- Goodall describes decision as confidence boost
Malawi on Monday passed the International Monetary Fund (IMF) test as the fund’s executive board approved a new Extended Credit Facility (ECF) worth about K82.3 billion ($112.3 million) to be disbursed over a three-year period.
An official in the IMF Communications Department in Washington DC confirmed the approval of Malawi’s new ECF, a lending arrangement that provides sustained programme engagement over the medium to long-term in case of protracted balance of payment problems.
Reacting to the news, Minister of Finance, Economic Planning and Development Goodall Gondwe last night described the development as having the potential to boost donor confidence and unlock budgetary support.
He said: “We [Malawi] are one of the few countries in the southern African region which has received the [IMF] nod. Among other things, the programme has been looking at government borrowing and management of foreign reserves, areas where we have done well.
“We know we are entering a difficult time when tax collection by Malawi Revenue Authority [MRA] has not been as expected. But the nod in itself is a boost to the donor confidence and we hope it opens more doors.”
Development partners withdrew their direct budgetary support to Malawi in October 2013, citing concerns over poor public finance management in the wake of revelations of Cashgate, the plunder of public resources at Capital Hill through inflated invoices, dubious payments and payments for goods or services not rendered.
Instead, the donors, who contributed 40 percent to the country’s recurrent budget and at least 85 percent to the development budget, opted for off-budget support which they channelled through international non-governmental organisations.
The new IMF programme seeks to achieve and maintain macroeconomic stability and implementation of policies and structural reforms to spur growth, diversify the economy and reduce poverty.
Among other things, Gondwe said under the new ECF, the IMF has pointed out the need for reforms in the State produce trader the Agricultural Development and Marketing Corporation (Admarc) and ways on how government markets its maize. He said government will seriously look into the issue.
However, it remains to be seen how Lilongwe will sustain the programme, especially in terms of containing government borrowing with the impending 2019 Tripartite Elections.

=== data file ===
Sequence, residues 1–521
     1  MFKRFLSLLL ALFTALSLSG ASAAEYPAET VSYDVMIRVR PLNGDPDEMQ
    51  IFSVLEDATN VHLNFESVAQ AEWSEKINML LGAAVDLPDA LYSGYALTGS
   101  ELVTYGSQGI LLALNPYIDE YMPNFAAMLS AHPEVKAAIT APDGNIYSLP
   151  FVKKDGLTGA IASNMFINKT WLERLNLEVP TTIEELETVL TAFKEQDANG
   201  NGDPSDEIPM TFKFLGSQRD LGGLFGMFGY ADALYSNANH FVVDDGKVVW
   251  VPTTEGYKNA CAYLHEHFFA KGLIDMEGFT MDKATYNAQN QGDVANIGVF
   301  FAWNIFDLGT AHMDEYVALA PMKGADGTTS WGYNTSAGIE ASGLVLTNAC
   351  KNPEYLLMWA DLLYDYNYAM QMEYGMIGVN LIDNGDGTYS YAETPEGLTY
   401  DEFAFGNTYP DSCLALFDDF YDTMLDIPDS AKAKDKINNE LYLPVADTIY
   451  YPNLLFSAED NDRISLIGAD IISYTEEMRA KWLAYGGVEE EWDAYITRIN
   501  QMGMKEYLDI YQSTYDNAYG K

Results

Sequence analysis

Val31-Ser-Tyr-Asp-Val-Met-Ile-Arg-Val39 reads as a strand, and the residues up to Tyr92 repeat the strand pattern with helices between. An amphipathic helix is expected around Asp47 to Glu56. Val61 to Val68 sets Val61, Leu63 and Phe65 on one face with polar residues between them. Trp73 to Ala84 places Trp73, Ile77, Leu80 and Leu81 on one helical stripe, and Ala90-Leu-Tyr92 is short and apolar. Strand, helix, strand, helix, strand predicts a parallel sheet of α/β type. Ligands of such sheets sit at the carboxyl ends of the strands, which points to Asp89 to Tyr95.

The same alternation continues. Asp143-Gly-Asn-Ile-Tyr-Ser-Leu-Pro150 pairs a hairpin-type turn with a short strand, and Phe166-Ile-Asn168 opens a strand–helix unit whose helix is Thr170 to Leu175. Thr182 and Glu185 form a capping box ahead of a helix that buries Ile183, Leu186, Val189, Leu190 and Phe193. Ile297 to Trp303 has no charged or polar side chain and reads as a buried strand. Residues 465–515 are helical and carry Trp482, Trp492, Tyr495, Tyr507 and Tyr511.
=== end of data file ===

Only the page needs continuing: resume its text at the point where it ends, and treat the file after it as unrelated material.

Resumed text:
Economics Association of Malawi (Ecama) president Chikumbutso Kalilombe said while the new programme stands to boost donor confidence, there is need for the country to graduate, saying “we cannot continue relying on programmes such as these to grow”.
He said: “Indeed, government and policymakers need to revisit how they market their maize as it doesn’t really explain how the previous maize it bought will be marketed to date.
“And, at the same time, Admarc had a bailout of about K45 billion, meaning it was failing to service its debtors. This calls for reforms and we have been talking about this as Ecama.”
In an earlier interview, IMF resident representative Jack Ree told Business News that with this programme, Malawi will not only be able to manage its debt sustainably but also lock in a new trend of high growth and low inflation with strong macroeconomic policies
The IMF recently trimmed Malawi’s gross domestic product growth forecast for 2018 to four percent against government’s forecast of 4.5 percent.
Malawi’s last ECF programme valued at $156.2 million expired in June 2017. The facility was approved in 2012 during the leadership of former president Joyce Banda and was meant to cushion Lilongwe from economic shocks such as dry spells and floods.
Recently, the World Bank cast doubt on providing budgetary support to Malawi during the 2018/19 financial plan, which according to Secretary to the Treasury Ben Botolo, would be pegged at less than K1 trillion from K1.3 trillion the previous year.